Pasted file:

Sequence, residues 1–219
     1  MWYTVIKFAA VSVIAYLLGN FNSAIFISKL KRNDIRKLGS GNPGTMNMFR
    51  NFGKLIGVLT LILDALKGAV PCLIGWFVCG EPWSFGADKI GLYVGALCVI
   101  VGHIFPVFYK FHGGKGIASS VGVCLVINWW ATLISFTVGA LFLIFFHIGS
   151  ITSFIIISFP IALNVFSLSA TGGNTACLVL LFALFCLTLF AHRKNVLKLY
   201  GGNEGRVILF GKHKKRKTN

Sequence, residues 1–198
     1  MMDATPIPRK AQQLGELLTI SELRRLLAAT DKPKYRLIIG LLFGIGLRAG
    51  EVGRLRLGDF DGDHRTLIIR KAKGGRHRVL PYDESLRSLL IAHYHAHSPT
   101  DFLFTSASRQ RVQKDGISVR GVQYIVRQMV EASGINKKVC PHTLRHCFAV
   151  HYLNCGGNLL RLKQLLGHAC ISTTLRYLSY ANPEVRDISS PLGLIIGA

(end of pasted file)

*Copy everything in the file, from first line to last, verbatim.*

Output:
Sequence, residues 1–219
     1  MWYTVIKFAA VSVIAYLLGN FNSAIFISKL KRNDIRKLGS GNPGTMNMFR
    51  NFGKLIGVLT LILDALKGAV PCLIGWFVCG EPWSFGADKI GLYVGALCVI
   101  VGHIFPVFYK FHGGKGIASS VGVCLVINWW ATLISFTVGA LFLIFFHIGS
   151  ITSFIIISFP IALNVFSLSA TGGNTACLVL LFALFCLTLF AHRKNVLKLY
   201  GGNEGRVILF GKHKKRKTN

Sequence, residues 1–198
     1  MMDATPIPRK AQQLGELLTI SELRRLLAAT DKPKYRLIIG LLFGIGLRAG
    51  EVGRLRLGDF DGDHRTLIIR KAKGGRHRVL PYDESLRSLL IAHYHAHSPT
   101  DFLFTSASRQ RVQKDGISVR GVQYIVRQMV EASGINKKVC PHTLRHCFAV
   151  HYLNCGGNLL RLKQLLGHAC ISTTLRYLSY ANPEVRDISS PLGLIIGA